Paratinic mineral oil SUS vlsc. at
100 F. of 3155.--.. 100 100 98.3 9s. 3 50 50 49.0 49. 0 Paralinic mineral oil, SUS vise. at
210 F. 011m v m A 50 50 49.0 49.0 Basie barium alkylphenolate (16.5%
barium) (50% conc. in oil) f 1.7 1.7 v v Overbased calcium sulfonate, 300
TBN (12% Ca) A 2.0 2.0 Pertluoroalkyl polyether, or Example I, p.p.m 20 20 :1 -:31.13: 20 :1::.-.232 20 ASTM foam test IIIIII IIIIII I IIIII IIIIII IIIIII IIIIII I IIIII III III/ vol. foam after5m1n.,b1ow1ng, ca -3-. 530 30 420 0 a0 0 660 600 610 a0 20 500 310 60 330 0 0 0 570 710 490 30 0 20 Vol. foam after 10 min., standing cc..-.. 0 0 0 0 0 0 420 10 590 0 0 350 20 0 10 0 0 0 490 590 440 0 0 0 The foregoing data illustrates outstanding improvements portions of additives in order to qualify the lfluids for autoin the anti-foam property of both simple and additive conmatic transmission and central hydraulic system service. taining mineral lubricating oil compositions containing the We claim: Y peruoroalkylpolyethers of the invention. 1. A lubricating oil composition consistingv essentially(l The anti-foam properties of a variety of mineral lubriof a major amount of mineral oil in the lubricating oill eating oil compositions containing relatively high concenrange having an SUS viscosity at 100 F. between 50 and trations of convention lubricating oil additives was deter- 2,000 containing from about 1 to 500 parts ,per million by mined in the Detroit Transmission Dynamic Foam Test weight of a periuoroalkylpolyether having the formula: developed by the Hydra-matic Division of General Motors F-[CF (CF 3)CF2O] l1C2F5 l Corporation. This test simulates the foaming caused in in which n has a value providing an average molecular commercial automatic transmissions through the use of a weight for the peruoroalkylpolyether ranging from about pump, a circulating system, a heater and an agitating 2,000 to 7,000. device. The test fluid is maintained at temperature of 2. A lubricating oil composition according to claim 1 275 F. The uids fail this test if the foam height exceeds in which said perliuoroalkylpolyether has an average V 1% (three-eighths) of an inch or if the foam collapse time molecular weight ranging from about 3,000 to 5,500. exceeds (23) twenty-three seconds. The results of this test 3. A lubricating oil composition according to claim 1 are set out in Table II below which compares the antiin which said perlluoroalkylpolyether has an average mo,- foam properties of the lubricants of the invention with lecular weight of about 4,500. similar lubricating oil compositions. 4. A lubricating oil composition according to claim 1 TABLE II f Run Composition (wt. percent):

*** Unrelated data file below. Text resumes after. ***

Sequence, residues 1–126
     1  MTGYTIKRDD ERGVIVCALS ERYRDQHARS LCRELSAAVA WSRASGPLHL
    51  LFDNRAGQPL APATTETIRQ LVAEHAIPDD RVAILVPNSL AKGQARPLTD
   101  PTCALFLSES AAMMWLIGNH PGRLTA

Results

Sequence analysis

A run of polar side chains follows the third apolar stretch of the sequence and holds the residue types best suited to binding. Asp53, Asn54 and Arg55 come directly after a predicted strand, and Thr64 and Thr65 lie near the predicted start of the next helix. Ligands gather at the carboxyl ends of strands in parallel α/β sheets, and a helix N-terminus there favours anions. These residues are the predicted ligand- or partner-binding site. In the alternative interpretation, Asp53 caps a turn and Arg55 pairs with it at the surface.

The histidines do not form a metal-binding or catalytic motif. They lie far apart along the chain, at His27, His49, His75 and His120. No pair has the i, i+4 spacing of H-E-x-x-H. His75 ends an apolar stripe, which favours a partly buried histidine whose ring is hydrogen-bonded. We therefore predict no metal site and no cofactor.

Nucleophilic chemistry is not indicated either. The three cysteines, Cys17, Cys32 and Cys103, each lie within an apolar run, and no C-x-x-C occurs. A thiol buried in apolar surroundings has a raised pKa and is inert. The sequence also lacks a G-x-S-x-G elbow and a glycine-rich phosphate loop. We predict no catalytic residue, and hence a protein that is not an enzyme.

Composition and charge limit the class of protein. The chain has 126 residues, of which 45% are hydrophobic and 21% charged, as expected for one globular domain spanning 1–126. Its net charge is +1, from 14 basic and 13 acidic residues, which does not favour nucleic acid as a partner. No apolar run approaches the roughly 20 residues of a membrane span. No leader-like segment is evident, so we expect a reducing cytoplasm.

1. Solvent refined naphthene base mineral oll having an SUS viscosity at 100 F. of 50.- 42.00 45.00 42. 00 42.00 42.00 45.00 42.00 2. Paranicmineral oil having an SUS v'lscosityat 100 F. 01100 44.74 41.00 44.74 44.74 45.44 41.00 45.44 3. Polymethacrylate viscosity index improver 8.00 8.00 8.00 8.00 8.00 8.00 8.00 4. Additive concentrate 15.20 15.00 15. 26 15.20 14.50 26.00 14.50 5. sinconeso1ut10n,p.pm 4150 1150 1150 1330 1150 .1150 f 6. Periluoroalkyl polyether of Example 1, p. m 25 100 100 1 Blend oi conventional lubricant additives.
2 Commercial lubricant additive blend.